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You were the one who indicated you think there are some things that should not be mentioned by a teachers. This is clearly one of them. I can't say what the others are, because you haven't mentioned them, but if you think something as common and every day as even a marriage can't be mentioned, I'm thinking there could be quite a few things. I apologise if my assumptions are incorrect.

I'm not sure if you read my post about schools providing pastoral care, etc, and the necessity of that?

Lacye - posted on 07/28/2013

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Jodi what exactly do you mean my stance on some issues? I'm just curious to know.

Jodi - posted on 07/28/2013

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Well, as I suggested, perhaps you need to homeschool your child. Because that just simply isn't going to happen. A person who has your child in a class for one school year actually has a significant impact on their life. That's just the way it is. And they WILL discuss things with them that maybe you don't approve of, given your stance on some issues.

Lacye - posted on 07/28/2013

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Well I appreciate you not trying to be disrespectful, but I guess the only thing I can tell you is we have grown up in very different environments. I was brought up to believe that somethings are not proper to discuss at certain times, and school time is one of those times. You don't have to understand it, that's just how it is. I understand children are curious, but if my child needs to know something, I would like for her or him to come to me and ask these questions. Not a person who only has them in their class for one school year.

Jodi - posted on 07/28/2013

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Sandra, here is the thing. What if I told you that it isn't okay for my children to know about people with dark skin? Would you have a problem with that?

And this is a debate. If I wish to continue to try to debate an issue, that is my right.

If anyone is ignorant, it is those who seem to think that a 5 year old should be sheltered from understanding that there are many types of families in this world, just as there are many different types of people. Our national diversity is an important thing for a child to understand AND accept, and by making a topic taboo, we are sending a message to children that it isn't acceptable.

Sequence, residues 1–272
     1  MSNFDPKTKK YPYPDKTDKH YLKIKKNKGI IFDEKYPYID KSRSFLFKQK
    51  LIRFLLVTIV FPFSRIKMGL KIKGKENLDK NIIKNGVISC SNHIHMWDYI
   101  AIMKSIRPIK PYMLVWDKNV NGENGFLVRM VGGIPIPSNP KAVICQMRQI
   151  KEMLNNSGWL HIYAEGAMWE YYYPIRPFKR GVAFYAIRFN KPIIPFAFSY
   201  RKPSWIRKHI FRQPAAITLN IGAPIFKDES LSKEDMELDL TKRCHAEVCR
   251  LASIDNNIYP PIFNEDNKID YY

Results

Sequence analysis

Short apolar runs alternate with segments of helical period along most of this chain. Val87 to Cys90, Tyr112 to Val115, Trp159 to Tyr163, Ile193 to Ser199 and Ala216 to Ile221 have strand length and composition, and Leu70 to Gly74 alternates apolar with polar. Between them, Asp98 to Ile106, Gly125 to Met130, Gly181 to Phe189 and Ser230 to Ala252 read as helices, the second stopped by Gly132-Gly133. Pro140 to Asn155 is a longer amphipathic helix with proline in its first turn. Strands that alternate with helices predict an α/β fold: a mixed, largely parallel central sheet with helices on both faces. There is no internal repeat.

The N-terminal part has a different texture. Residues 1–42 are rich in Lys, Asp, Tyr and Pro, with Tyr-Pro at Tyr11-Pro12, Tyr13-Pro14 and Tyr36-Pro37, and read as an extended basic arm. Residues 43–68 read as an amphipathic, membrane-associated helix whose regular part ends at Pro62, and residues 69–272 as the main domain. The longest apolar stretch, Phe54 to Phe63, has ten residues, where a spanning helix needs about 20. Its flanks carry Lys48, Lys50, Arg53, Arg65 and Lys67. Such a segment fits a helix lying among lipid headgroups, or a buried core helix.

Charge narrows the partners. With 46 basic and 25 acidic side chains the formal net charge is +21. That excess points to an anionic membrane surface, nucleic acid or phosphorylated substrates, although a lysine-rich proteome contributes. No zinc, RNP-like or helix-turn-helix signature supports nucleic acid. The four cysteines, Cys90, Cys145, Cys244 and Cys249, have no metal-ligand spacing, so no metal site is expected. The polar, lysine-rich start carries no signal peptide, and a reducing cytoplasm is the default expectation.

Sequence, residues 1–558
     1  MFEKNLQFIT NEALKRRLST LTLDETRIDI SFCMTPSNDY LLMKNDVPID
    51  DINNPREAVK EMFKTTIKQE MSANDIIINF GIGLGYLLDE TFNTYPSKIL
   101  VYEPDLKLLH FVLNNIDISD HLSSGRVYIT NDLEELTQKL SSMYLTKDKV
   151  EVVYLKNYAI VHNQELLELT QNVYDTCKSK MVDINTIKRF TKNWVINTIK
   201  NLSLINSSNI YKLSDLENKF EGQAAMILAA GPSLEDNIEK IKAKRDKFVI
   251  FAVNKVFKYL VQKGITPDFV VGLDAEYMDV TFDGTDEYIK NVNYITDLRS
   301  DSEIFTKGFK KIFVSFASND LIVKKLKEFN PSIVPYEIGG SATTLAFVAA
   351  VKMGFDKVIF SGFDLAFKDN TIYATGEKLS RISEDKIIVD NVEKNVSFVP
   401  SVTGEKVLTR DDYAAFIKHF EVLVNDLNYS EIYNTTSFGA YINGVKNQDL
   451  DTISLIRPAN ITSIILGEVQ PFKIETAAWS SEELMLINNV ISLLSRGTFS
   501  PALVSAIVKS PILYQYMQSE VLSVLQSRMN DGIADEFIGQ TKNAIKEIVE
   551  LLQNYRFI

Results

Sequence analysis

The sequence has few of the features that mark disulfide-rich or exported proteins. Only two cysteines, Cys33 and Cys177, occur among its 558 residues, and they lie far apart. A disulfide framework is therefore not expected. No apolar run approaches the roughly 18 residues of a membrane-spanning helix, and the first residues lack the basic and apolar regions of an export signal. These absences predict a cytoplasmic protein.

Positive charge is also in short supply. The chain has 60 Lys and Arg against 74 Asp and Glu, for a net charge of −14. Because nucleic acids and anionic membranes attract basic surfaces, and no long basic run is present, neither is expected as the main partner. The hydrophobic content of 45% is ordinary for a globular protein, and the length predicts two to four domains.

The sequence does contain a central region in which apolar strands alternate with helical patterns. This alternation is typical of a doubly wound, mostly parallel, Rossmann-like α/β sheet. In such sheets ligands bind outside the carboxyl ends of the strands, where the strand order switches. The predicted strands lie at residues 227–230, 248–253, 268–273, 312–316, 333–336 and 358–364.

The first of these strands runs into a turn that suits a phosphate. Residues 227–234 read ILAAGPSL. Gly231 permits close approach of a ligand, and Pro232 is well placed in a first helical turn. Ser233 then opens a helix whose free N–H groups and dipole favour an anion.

Mary - posted on 07/28/2013

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Lacye, I'm struggling with a way to respond to your stance that isn't somehow disrespectful. I'll give you points fr consistency, but I just don't think that forbidding all mention or talk of relationships around children by teachers or caregivers is even possible. Kids come into these setting and talk about their home life, which includes relationships with parents, siblings, neighbors, friends and extended family. They are constantly asking questions, interacting with each other, and comparing stories among friends. They are curious and inquisitive by nature, and are going to bring these various and numerous relationships up, both with each other, and with their teacher.

There is simply no way a teacher or daycare worker can completely avoid or dismiss these very normal topics and interactions. Hell, to me, a large part of these environments is so that kids can start to better develop their own understanding of relationships, and how to cultivate and expand their own, as well of those around them. School and daycares are not just about academics - a very large component of it is social inter